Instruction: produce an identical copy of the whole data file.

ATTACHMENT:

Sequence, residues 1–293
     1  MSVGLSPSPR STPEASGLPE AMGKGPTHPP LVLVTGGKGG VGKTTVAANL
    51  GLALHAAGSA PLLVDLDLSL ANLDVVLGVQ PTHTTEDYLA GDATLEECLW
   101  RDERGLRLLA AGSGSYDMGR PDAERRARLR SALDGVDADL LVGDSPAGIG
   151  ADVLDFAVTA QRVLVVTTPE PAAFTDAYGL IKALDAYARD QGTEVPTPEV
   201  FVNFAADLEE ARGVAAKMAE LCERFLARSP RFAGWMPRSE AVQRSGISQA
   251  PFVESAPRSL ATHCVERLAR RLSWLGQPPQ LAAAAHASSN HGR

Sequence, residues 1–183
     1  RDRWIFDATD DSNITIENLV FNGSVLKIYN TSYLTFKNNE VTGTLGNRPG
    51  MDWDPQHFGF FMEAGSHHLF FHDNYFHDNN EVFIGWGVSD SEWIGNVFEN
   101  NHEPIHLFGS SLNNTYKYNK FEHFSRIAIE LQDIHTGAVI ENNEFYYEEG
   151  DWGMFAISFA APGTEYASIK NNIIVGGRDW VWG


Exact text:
Sequence, residues 1–293
     1  MSVGLSPSPR STPEASGLPE AMGKGPTHPP LVLVTGGKGG VGKTTVAANL
    51  GLALHAAGSA PLLVDLDLSL ANLDVVLGVQ PTHTTEDYLA GDATLEECLW
   101  RDERGLRLLA AGSGSYDMGR PDAERRARLR SALDGVDADL LVGDSPAGIG
   151  ADVLDFAVTA QRVLVVTTPE PAAFTDAYGL IKALDAYARD QGTEVPTPEV
   201  FVNFAADLEE ARGVAAKMAE LCERFLARSP RFAGWMPRSE AVQRSGISQA
   251  PFVESAPRSL ATHCVERLAR RLSWLGQPPQ LAAAAHASSN HGR

Sequence, residues 1–183
     1  RDRWIFDATD DSNITIENLV FNGSVLKIYN TSYLTFKNNE VTGTLGNRPG
    51  MDWDPQHFGF FMEAGSHHLF FHDNYFHDNN EVFIGWGVSD SEWIGNVFEN
   101  NHEPIHLFGS SLNNTYKYNK FEHFSRIAIE LQDIHTGAVI ENNEFYYEEG
   151  DWGMFAISFA APGTEYASIK NNIIVGGRDW VWG